- For off-campus speech, school administrators will rarely stand in the place of students’ parents under the doctrine of in loco parentis. “Geographically speaking, off-campus speech will normally fall within the zone of parental, rather than school-related, responsibility.”
- Courts must be skeptical of a school’s efforts to regulate off-campus speech because this could result in 24-hour regulation of a student’s speech by the school. Moreover, “[w]hen it comes to political or religious speech that occurs outside school or a school program or activity, the school will have a heavy burden to justify intervention.”
- The school has an interest in protecting a student’s unpopular expression, especially when it takes place off-campus. “[S]chools have a strong interest in ensuring that future generations understand the workings in practice of the well-known aphorism, ‘I disapprove of what you say, but I will defend to the death your right to say it.’”
In light of all the potential variables, the Supreme Court noted that as a general rule it could say little more than: “Taken together, these three features of much off-campus speech mean that the leeway the First Amendment grants to schools in light of their special characteristics is diminished.”
Applying these parameters to the specific facts at issue in the case, the Supreme Court stated that: 1) “the school’s interest in teaching good manners [was] not sufficient…to overcome B.L.’s interest in free expression”; 2) it could not find evidence “of the sort of ‘substantial disruption’ of a school activity or a threatened harm to the rights of others that might justify the school’s action”; and 3) there was little to suggest a serious decline in the cheerleading team’s morale “to the point where it could create a substantial interference in, or disruption of, the school’s efforts to maintain team cohesion.”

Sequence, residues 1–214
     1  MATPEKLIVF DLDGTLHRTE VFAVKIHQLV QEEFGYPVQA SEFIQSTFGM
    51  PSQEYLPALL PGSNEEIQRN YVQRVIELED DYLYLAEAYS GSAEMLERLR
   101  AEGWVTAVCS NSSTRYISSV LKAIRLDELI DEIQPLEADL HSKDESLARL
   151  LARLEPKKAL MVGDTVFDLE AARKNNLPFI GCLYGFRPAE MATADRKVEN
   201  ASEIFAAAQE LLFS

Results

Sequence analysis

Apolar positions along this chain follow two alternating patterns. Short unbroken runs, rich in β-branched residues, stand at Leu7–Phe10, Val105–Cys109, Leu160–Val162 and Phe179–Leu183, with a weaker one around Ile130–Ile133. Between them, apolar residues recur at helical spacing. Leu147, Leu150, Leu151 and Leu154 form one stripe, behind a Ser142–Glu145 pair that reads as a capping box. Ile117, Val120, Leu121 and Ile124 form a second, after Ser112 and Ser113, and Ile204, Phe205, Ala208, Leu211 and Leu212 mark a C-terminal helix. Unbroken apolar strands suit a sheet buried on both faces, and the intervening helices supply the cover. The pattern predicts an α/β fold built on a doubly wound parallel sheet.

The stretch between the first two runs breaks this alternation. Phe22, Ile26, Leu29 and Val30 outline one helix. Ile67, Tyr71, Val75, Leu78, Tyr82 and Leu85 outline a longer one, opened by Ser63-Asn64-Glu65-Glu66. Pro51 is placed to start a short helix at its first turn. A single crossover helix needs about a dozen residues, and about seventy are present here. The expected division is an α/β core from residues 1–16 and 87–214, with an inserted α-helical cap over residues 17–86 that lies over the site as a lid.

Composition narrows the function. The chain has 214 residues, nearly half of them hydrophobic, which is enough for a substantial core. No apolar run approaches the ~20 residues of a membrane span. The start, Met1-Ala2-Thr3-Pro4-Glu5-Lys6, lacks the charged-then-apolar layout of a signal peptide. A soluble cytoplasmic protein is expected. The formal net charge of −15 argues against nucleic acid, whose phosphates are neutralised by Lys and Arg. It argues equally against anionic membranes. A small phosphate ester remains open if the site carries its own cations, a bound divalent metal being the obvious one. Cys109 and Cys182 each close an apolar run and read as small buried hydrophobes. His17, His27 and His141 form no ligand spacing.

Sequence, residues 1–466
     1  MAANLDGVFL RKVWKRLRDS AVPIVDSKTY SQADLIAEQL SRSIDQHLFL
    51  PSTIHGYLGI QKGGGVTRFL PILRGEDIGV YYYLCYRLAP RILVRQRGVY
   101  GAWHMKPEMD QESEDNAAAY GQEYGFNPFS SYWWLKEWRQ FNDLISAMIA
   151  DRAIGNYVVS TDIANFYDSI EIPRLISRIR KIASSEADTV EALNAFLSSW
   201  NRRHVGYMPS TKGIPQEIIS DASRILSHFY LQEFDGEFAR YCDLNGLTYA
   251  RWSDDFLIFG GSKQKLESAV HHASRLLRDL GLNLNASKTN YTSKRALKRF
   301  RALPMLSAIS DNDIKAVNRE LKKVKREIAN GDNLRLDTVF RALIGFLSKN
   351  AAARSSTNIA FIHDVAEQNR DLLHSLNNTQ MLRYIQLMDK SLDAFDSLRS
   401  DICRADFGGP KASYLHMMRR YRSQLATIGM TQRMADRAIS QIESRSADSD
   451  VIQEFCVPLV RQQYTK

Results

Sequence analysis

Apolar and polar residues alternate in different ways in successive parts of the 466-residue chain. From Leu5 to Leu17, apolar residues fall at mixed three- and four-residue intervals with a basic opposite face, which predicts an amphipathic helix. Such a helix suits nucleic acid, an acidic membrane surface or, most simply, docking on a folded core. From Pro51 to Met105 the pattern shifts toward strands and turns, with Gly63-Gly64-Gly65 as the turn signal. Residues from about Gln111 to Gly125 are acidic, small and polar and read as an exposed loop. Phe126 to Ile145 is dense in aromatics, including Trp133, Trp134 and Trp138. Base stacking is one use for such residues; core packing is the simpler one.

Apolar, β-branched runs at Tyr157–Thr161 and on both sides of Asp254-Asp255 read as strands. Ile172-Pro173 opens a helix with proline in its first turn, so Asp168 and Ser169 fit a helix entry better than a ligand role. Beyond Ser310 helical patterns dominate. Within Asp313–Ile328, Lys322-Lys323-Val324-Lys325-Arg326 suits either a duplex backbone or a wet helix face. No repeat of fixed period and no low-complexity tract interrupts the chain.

While the Supreme Court rejected the Third Circuit Court’s absolute rule that schools are nearly always prohibited from disciplining students for off-campus speech, it made clear that schools should still use caution when deciding whether to do so. Nonetheless, the Court contemplated that the following types of off-campus behaviors might justify school regulation, depending on the specific circumstances: serious or severe bullying; threats aimed at teachers or students; the failure to follow rules concerning lessons, the writing of papers, the use of computers, or participation in other online school activities; and breaches of school security devices.
We recommend that school districts review their policies and regulations pertaining to off-campus student conduct and discipline. For more information on this Legal Alert or related issues, please contact the education law attorneys at Schenck Price.
DISCLAIMER: This Alert is designed to keep you aware of recent developments in the law. It is not intended to be legal advice, which can only be given after the attorney understands the facts of a particular matter and the goals of the client.